Thursday, 23 February 2012

Time-zone database - Astrolabe withdraws

Just a quick blog to say that the lawsuit against the time-zone database appears to be at an end.

Pursuant to Federal Rule of Civil Procedure 41(a)(1), please take
notice that Plaintiff ASTROLABE, INC., pursuant to Federal Rule of
Civil Procedure 41(a)(1), hereby voluntarily dismisses all claims in
this action with prejudice, and without costs, as to Defendants ARTHUR

In connection with this NOTICE, the Plaintiff states that the
Defendants have neither answered Plaintiff's Complaint, nor filed a
motion for summary judgment. Accordingly, this matter may be
dismissed with prejudice and without an Order of the Court.

The EFF had this to say:

The Electronic Frontier Foundation (EFF) is pleased to announce that a copyright lawsuit threatening an important database of time zone information has been dismissed. The astrology software company that filed the lawsuit, Astrolabe, has also apologized and agreed to a 'covenant not to sue' going forward, which will help protect the database from future baseless legal actions and disruptions.

In a statement, Astrolabe said, "Astrolabe's lawsuit against Mr. Olson and Mr. Eggert was based on a flawed understanding of the law. We now recognize that historical facts are no one's property and, accordingly, are withdrawing our Complaint. We deeply regret the disruption that our lawsuit caused for the volunteers who maintain the TZ database, and for Internet users."

"We are grateful that EFF and its co-counsel at Fish & Richardson were able to step in and assist us, so that we could help ensure the TZ database would continue to be available," said Eggert and Olson.

So in the end, Astrolabe understood that facts cannot be copyrighted and withdrew the case. I am also glad to see their statement of regret.

Finally, its good to see the EFF's positive involvement in the case.

Tuesday, 7 February 2012

JDK helper Math methods

Update 2013-08-16: The three methods discussed below - incrementExact, decrementExact and negateExact - have all made it into JDK 8.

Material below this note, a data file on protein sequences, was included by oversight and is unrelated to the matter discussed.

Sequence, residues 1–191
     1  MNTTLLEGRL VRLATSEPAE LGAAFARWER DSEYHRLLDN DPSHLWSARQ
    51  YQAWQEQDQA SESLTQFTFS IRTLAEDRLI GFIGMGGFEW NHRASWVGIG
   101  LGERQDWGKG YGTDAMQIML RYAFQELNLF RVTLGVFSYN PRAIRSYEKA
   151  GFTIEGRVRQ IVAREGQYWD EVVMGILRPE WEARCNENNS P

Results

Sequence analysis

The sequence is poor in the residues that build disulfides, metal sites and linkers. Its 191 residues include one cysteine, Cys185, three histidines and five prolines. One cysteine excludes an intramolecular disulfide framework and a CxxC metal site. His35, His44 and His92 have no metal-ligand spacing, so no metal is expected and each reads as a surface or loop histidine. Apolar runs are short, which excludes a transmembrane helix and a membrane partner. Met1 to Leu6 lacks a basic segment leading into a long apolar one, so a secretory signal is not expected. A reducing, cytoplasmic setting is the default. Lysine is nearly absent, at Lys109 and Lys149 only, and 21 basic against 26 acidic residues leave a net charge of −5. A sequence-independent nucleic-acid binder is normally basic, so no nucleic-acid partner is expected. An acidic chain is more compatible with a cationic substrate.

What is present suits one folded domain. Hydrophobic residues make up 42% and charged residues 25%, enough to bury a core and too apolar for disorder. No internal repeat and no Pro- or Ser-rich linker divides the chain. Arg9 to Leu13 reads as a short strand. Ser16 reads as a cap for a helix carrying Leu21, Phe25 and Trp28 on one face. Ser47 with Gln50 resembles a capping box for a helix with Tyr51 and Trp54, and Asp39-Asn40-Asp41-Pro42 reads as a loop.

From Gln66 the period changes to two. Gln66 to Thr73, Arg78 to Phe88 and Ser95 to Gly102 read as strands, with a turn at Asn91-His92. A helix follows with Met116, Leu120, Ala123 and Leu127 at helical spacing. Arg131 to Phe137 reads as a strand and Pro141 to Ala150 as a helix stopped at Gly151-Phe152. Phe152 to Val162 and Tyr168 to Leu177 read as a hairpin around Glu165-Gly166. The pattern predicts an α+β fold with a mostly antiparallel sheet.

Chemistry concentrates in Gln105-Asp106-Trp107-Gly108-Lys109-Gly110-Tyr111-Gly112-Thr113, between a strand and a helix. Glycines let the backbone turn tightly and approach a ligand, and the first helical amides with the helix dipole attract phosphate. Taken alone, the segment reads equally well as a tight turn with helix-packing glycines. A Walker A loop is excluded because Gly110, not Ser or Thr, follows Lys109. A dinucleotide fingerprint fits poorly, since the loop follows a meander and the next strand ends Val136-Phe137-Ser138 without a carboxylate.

How far should simple helper methods go in the JDK? Specifically for Maths.

JDK helper Math methods

A discussion is occurring on the OpenJDK core-libs list to provide some maths helper methods. But there is a disagreement as to which methods should be provided.

The following methods appear to be going in (to java.math.Math, as static methods):

  • addExact(int, int)
  • subtractExact(int, int)
  • multiplyExact(int, int)
  • toIntExact(long)

All the methods are intended to throw an exception on overflow, so you would use addExact instead of a + b if you care that the result fits into an int.

Furthermore, some of these methods are designed such that the JVM may be able to provide better low-level implementations dependent on the processor. The same methods with long as the parameter type are also included.

The discussion has arisen around some additional methods:

  • negateExact(int)
  • incrementExact(int)
  • decrementExact(int)

These are currently going to be rejected on the grounds that "they don't pull their weight in the API". So, this blog post is to canvas a wider opinion.

The proposed alternatives are either that the caller should just write the code themselves, by testing against Integer.MIN_VALUE, or to indirectly use one of the other methods. (If you're wondering how negating an integer could go wrong, read this.)

So, here are the three discussed options for negation:

  int x = ...
  // option A - dedicated method
  int a = Math.negateExact(x);
  // option B - code at the call-site
  if (x == Integer.MIN_VALUE) {
    throw new ArithmeticException();
  int b = -x;
  // option C - indirectly use another API
  int a = Math.subtractExact(0, x);

And here are the options for increment:

  int x = ...
  // option A - dedicated method
  int a = Math.incrementExact(x);
  // option B - code at the call-site
  if (x == Integer.MAX_VALUE) {
    throw new ArithmeticException();
  int b = x++;
  // option C - indirectly use another API
  int a = Math.addExact(x, 1);

For me, I find option A in both cases to be a lot clearer when reading the code, as it says three things - that I have understood the corner case, done something about it, and documented that thinking via the inserted method. Sure there is more code in the library (the JDK) to enable this, but isn't that really the point of libraries? To provide the common code so we don't have to? The alternatives are far less appealing to me.

The counter argument is that the more methods that the JDK provides, the harder it is for users to find things. And the JDK gets larger (bigger jar file) as a result.

So, dear reader, its over to you :-) How far is too far when adding methods to the JDK? Should negate, increment and decrement be provided in the JDK to help protect us against errors, or can/should we use the alternatives above?